Recent Showcase exhibitions in collaboration with Melbourne-based craft shop, Mr Kitly, include work by Bridget Bodenham, Leah Lackson and Kirsten Perry, all of which is available for sale through the SAM Shop. Ambition and innovation have always been the mark of the Shepparton Gallery. In 2012, at the same time that the gallery spaces were renovated, the Gallery was rebranded and changed its name to Shepparton Art Museum. While still located in the Council buildings that housed the gallery spaces and collection, these changes signalled the institution’s ambition to be taken seriously alongside some of its older Gold rush regional peers. Lighting, temperature and other essentials were brought up to museum standards. A happy sideeffect was its shift from SAG to SAM. In 2012, SAM was awarded the best Victorian small art museum by Museums Australia (Victoria). Over the last ten years, SAM developed two further Collection strengths: a growing collection of Australian contemporary art and artists, and an important Collection of Indigenous art through two substantial Cultural Gifts featuring artworks by artists of Aboriginal, Tiwi and/or Torres Strait Islander descent. As SAM’s Collection continues to develop through acquisition and gift, the Museum is able to support and showcase work by local Yorta Yorta artists and artists from South-East Australia, presenting their work within a national perspective.
The Collection is presented through a series of exhibitions presented in new and contemporary ways, with work by leading Australian artists and their international peers, both modern and contemporary. These exhibitions enable a contemporary rethinking of the Collection through the eyes of contemporary artists and ideas. This enables us to continue to rethink past histories and collectively think about possible shared futures. SAM’s exhibition Eighty Years of SAM. The Collection, (on until February 2018) examines such ideas, while showcasing some of the highlights of the SAM Collection. Supported by a major new publication, exhibition and book feature eighty works selected for the eighty years since SAM was established. Three central themes emerge, speaking to who we are, and where we are located: place, identity and ceramics. Place and identity respond to Shepparton’s particular context in the world, and ceramic works that draw on a strength that makes the collection unique. These themes are inherently open to the viewer’s interpretation, encouraging visitor engagement with the collection. Frederick McCubbin’s The Wood Sawyer (1905) contrasts with more contemporary views of early pioneers, such as in Dead as a Door Nail (2009) by Christian Thompson, a Bidjara man of Aboriginal and Scottish heritage, or Stephen Bush’s rethinking of colonial histories. Early portraits by Rupert Bunny, Nora Gurdon, Sir John Longstaff and other colonial masters are installed in a salon-hang style, facing a series of portraits by contemporary Indigenous artists including Tony Alberts, Brook Andrew, Fiona Foley, and Leah King-Smith. Sam Jinks’ Woman and Child (2010) remains one of the most popular hyper-realist depictions of youth and age, and is included in the Eighty Years exhibition.
The drawing wall series is an ongoing series of commissioned, temporary, site-specific wall based drawings, paintings, photographic paste-ups or installations that enliven the flyer space of the Eastbank Centre. Presented directly outside SAM, they overlook the adjoining performing arts centre, Riverlinks. These four annual projects often revolve around conversations and collaborations, and provide members of the public with an opportunity to interact with the artists during installation. Recent highlights include drawing wall commissions by Reko Renni, Simone Slee, Darren Wardell, Elizabeth Gower, and James Tylor. Exhibitions are consistently designed to have a strong local connection, while engaging with issues that are pertinent globally. Recent exhibitions include the first major survey show by NELL (October 2016), a contemporary Australian artist who grew up in another small town regional centre in Maitland NSW. Her passion for Buddhism and Australian rock icons AC/DC is reflected in an instantly recognisable style that fuses religious iconography with rock ‘n’ roll aesthetics. Tracey Moffatt & Gary Hillberg’s Montages: The Full Cut presented in January – February 2017, showcased eight montage films by the leading contemporary artists reflecting on cinema and the cinematic form, Hollywood traditions, at the same time invented new fictions, rethinking notions of love, art, revolution and destruction. Both exhibitions had strong connections with regional centres and the unique Shepparton communities, while showcasing the work of leading contemporary artists engaging with global themes. Concerns around the environment and sustainability are also themes and ideas explored through exhibitions and public programs, both central to our region.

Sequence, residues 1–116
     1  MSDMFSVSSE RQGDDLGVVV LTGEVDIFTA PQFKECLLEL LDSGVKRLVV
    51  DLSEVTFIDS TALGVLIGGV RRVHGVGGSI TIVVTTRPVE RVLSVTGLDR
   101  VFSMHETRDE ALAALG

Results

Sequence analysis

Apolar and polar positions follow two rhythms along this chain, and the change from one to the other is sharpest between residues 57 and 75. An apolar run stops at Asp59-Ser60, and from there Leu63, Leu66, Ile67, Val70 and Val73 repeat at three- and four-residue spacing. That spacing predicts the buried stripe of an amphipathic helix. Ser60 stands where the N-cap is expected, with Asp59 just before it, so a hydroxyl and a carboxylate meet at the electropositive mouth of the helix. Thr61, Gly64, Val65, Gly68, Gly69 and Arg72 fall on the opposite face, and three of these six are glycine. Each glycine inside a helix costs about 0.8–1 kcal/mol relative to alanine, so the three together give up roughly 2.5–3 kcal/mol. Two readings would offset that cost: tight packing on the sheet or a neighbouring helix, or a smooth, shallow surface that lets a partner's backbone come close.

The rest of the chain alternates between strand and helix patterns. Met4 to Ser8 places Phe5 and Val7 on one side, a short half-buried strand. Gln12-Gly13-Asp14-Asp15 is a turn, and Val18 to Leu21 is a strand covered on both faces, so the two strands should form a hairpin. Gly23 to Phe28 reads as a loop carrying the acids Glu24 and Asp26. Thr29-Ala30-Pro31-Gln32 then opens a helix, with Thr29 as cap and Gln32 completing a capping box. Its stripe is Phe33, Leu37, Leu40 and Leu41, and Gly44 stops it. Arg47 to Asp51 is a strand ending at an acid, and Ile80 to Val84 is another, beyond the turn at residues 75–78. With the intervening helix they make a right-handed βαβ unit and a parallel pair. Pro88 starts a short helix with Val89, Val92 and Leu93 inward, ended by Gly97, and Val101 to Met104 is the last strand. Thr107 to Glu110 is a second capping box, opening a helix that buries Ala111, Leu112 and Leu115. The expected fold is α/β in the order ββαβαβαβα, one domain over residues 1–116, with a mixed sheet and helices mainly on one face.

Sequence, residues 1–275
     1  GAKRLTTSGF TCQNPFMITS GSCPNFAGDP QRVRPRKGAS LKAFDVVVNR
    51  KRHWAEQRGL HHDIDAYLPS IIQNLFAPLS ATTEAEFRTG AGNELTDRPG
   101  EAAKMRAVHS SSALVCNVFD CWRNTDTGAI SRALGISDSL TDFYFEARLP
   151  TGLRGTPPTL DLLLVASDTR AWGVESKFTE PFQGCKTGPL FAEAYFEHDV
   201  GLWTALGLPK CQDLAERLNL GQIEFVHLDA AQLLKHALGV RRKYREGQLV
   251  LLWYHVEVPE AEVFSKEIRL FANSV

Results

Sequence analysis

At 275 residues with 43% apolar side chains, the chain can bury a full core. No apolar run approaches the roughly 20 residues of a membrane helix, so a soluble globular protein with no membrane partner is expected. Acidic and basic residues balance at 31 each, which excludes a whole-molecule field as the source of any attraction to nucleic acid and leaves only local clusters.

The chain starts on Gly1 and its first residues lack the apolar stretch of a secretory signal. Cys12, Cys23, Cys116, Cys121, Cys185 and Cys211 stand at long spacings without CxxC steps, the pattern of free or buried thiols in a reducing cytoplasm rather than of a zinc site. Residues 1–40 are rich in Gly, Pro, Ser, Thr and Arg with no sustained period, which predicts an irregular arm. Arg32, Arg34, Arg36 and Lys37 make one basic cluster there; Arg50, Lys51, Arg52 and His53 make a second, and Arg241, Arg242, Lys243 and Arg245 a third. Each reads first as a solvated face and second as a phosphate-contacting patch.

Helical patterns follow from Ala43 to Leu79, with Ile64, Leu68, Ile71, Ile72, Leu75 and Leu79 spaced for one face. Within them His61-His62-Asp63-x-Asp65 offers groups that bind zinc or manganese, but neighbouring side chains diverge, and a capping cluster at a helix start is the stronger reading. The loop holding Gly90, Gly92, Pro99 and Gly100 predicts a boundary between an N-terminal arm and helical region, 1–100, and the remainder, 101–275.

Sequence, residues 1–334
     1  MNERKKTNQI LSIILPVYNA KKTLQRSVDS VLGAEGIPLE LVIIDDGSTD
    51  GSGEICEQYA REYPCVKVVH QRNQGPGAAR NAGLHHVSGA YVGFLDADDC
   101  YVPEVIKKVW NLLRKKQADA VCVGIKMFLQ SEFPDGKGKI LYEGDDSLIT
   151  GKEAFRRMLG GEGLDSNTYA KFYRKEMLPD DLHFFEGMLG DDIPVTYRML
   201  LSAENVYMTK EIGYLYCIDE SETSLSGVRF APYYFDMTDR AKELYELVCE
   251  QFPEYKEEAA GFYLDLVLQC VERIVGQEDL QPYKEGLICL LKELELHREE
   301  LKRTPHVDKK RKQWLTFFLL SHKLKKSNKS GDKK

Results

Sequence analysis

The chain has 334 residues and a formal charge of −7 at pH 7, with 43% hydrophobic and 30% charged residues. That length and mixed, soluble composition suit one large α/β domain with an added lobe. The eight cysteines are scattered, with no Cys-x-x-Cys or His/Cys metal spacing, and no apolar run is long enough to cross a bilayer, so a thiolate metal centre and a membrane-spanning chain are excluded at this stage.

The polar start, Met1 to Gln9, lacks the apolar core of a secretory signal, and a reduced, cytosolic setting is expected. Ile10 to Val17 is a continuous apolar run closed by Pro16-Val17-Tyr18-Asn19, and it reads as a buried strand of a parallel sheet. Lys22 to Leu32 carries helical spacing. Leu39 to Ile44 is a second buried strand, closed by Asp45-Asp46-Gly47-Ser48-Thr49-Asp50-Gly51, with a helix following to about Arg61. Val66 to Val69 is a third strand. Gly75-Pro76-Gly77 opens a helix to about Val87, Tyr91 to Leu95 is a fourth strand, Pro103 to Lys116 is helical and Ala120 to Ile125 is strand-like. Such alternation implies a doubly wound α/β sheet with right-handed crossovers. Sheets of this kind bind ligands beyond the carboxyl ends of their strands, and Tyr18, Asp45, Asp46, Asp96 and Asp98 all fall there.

In April 2017, SAM presented FRESHWATER, an exhibition that considered how water reflects ecological, cultural, political and economic realities. Through the work of over 20 Australian artists and artist collectives, alongside historic works drawn from the SAM Collection, Freshwater highlighted how water remains central to identity, and to how and where we live in regional Victoria. For FRESHWATER, the education department developed an education program which pulled from the key themes in the exhibition and delivered it to different schools in the area, and in professional development workshops with teachers. Partnering with others working in this area, such as Shepparton’s River Connect, these programs enabled teachers to take their learnings back to their schools, working with students. Another upcoming public program takes visitors on a bike riding tour around the Goulburn River with artist, James Tylor. This program has been developed in tandem with the NGA touring show, Resolution: new Indigenous photomedia, being presented at SAM from 25 August – 29 October this year. Our audiences are key to the success of our exhibitions: SAM’s ambition to create safe and inspiring places that engage, excite, inspire and involve local communities and broader Victorian, Australian and international visitors alike through art and culture. Like sport, and other community activities, art and culture is vital to creating a rich, culturally confident and diverse place to live and work.